Jenifer Turnock was in her twenties and on her moped the day she suffered life changing injuries, when a car pulled out in front of her and she crashed over its bonnet.
That was in 1966, five years before the birth of her son Matthew, who grew up feeling nothing but love and admiration for a mother who refused to let her resultant disabilities get the better of her.
Wind the clock forward to March of 2018 and the England Golf Awards dinner at the Royal Lancaster Hotel in Kensington.
Jenifer died five years ago in her early 60s, but there is no greater testament to the legacy of her formidable will power than Matthew, now 46 and the professional at Mottram Hall, being announced as the 2018 England Golf Coach of the Year.
This was in recognition partly of his contribution to junior golf, with more than 2,500 youngsters introduced to the sport at over 50 primary schools in the Macclesfield area over the past ten years.
An equally important factor is Turnock establishing Mottram as one of the North’s leading centres in terms of encouraging golfers with disabilities.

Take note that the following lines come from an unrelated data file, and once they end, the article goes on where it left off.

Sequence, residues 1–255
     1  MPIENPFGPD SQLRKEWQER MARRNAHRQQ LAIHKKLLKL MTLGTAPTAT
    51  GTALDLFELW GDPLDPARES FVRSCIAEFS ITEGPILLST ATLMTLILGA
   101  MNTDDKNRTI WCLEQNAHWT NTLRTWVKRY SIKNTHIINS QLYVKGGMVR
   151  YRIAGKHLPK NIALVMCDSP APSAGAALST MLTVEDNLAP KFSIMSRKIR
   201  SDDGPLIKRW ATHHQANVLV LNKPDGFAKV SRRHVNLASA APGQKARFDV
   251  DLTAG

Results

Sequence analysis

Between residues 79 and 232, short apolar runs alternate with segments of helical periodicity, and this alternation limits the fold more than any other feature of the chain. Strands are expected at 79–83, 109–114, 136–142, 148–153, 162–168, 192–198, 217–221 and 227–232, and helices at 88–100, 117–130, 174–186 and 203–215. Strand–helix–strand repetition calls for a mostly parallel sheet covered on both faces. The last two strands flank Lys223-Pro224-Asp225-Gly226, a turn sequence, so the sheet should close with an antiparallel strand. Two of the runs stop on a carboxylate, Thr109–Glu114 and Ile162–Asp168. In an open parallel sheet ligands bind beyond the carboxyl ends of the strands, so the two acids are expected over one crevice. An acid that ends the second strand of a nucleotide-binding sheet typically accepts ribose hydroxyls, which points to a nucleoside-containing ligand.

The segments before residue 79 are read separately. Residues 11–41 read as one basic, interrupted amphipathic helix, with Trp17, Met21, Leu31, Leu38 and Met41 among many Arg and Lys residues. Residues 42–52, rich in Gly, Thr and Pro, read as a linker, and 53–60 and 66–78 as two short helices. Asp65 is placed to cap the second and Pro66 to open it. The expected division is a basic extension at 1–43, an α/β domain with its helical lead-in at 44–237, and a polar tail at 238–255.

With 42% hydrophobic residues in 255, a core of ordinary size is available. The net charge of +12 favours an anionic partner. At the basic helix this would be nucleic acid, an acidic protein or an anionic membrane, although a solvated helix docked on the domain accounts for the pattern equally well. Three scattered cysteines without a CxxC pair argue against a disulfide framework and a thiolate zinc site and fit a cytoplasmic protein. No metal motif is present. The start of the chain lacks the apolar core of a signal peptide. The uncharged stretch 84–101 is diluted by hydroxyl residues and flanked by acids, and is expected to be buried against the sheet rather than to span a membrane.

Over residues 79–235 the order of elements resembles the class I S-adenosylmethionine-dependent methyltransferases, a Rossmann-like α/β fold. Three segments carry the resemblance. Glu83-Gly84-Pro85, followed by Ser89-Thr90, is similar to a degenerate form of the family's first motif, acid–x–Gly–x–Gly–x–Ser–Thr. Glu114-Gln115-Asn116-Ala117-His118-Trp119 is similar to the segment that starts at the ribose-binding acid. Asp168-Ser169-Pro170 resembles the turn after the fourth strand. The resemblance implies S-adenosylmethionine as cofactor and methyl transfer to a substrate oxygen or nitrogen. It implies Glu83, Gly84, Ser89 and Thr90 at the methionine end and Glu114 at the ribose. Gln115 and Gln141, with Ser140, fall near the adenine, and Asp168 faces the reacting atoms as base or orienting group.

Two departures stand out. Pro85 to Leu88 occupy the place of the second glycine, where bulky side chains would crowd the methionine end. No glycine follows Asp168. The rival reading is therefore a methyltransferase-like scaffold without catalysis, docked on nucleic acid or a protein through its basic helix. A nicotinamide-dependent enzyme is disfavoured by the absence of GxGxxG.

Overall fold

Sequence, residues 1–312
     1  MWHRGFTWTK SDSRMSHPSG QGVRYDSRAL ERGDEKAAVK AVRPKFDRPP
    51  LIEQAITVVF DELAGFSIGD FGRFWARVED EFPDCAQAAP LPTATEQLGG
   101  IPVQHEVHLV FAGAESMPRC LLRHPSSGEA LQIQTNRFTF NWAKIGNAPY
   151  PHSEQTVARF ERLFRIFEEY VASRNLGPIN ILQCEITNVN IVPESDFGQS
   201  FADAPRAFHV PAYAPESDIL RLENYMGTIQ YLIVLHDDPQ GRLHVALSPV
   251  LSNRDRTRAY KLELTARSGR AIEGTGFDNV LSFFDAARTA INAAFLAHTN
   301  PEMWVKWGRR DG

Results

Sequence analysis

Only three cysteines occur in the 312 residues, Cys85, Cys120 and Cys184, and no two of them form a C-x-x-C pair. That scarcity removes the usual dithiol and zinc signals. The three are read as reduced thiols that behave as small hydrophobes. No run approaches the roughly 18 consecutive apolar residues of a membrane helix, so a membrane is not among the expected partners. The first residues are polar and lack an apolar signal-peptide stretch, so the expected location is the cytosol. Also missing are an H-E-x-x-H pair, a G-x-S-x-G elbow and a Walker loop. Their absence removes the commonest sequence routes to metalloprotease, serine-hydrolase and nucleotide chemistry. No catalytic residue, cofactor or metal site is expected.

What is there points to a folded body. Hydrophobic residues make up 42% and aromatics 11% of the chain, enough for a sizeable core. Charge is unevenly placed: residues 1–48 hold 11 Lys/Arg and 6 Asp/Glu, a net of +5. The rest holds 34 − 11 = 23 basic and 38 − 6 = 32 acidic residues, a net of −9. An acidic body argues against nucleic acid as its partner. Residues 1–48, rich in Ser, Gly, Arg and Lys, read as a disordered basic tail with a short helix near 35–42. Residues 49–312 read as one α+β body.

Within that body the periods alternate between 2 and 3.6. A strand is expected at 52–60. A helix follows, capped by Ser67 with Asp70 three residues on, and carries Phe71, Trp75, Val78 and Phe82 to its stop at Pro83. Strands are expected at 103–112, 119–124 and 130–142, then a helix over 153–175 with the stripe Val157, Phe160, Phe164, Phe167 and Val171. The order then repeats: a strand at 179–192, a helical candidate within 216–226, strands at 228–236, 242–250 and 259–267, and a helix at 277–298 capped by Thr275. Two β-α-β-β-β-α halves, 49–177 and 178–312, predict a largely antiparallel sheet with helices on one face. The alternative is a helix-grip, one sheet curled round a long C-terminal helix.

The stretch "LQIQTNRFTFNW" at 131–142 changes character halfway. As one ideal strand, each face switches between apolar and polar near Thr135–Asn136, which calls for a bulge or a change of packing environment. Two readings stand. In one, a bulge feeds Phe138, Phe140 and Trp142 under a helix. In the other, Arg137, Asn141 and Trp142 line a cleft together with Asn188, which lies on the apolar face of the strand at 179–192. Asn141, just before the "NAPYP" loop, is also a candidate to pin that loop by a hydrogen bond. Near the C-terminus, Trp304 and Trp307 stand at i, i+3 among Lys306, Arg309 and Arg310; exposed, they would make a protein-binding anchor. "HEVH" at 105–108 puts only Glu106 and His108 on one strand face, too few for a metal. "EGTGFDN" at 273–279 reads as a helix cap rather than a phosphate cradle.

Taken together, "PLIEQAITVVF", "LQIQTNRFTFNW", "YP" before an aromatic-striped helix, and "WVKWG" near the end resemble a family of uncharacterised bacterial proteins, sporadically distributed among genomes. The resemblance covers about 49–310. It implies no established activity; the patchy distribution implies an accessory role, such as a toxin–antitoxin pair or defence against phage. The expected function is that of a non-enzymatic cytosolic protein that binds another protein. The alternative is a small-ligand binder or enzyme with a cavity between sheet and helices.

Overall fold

“My mum was my main motivation in terms of starting to coach people with disabilities.”
Turnock, who lives in Tytherington, has never needed confirmation of Jenifer’s inimitable spirit but it came from an unexpected source as soon as he started work at Mottram 30 years ago.
“One of the members at that time was a surgeon, Lennox Holt, who introduced himself and said ‘your mum’s name is not Jenifer Turnock is it?’
“When I said it was, he told me of how she had made a lasting impression on him, because he had performed many of a series of operations on her hips and her knuckles.
“He particularly remembered her hands scrunched up with crippling arthritis and how she had made the most of the plastic joints they had given her for her knuckles.
“Lennox was amazed at how she was able to continue doing the things she loved such as art, crochet, painting, needlework and bead work.
“He held my mother up as an example when he taught student surgeons. She even gave birth to me against medical advice.
“He said she illustrated the quality of life surgeons could make possible for patients who had the necessary will power.
“She was on crutches for many years and then in a wheelchair and at first she was traumatised.
“Because of how she overcame it all, Lennox always held up my mum as a medical miracle.
“He died a few years ago and I remember fondly how he always used to ask me how my mum was doing.”
Meanwhile Turnock’s son Josh is an apple which has not fallen far from the tree.
Like Fred Couples, he never wears a golf glove and Josh is a former Cheshire Under-18 captain who has graduated from a golf scholarship at an American University.
Asked what his dad does best as a coach, Josh said:
“He knows my swing, my little tendencies so once in a while he just checks I’m on track. He keeps it simple which I like.”
Pictured - Josh Turnock.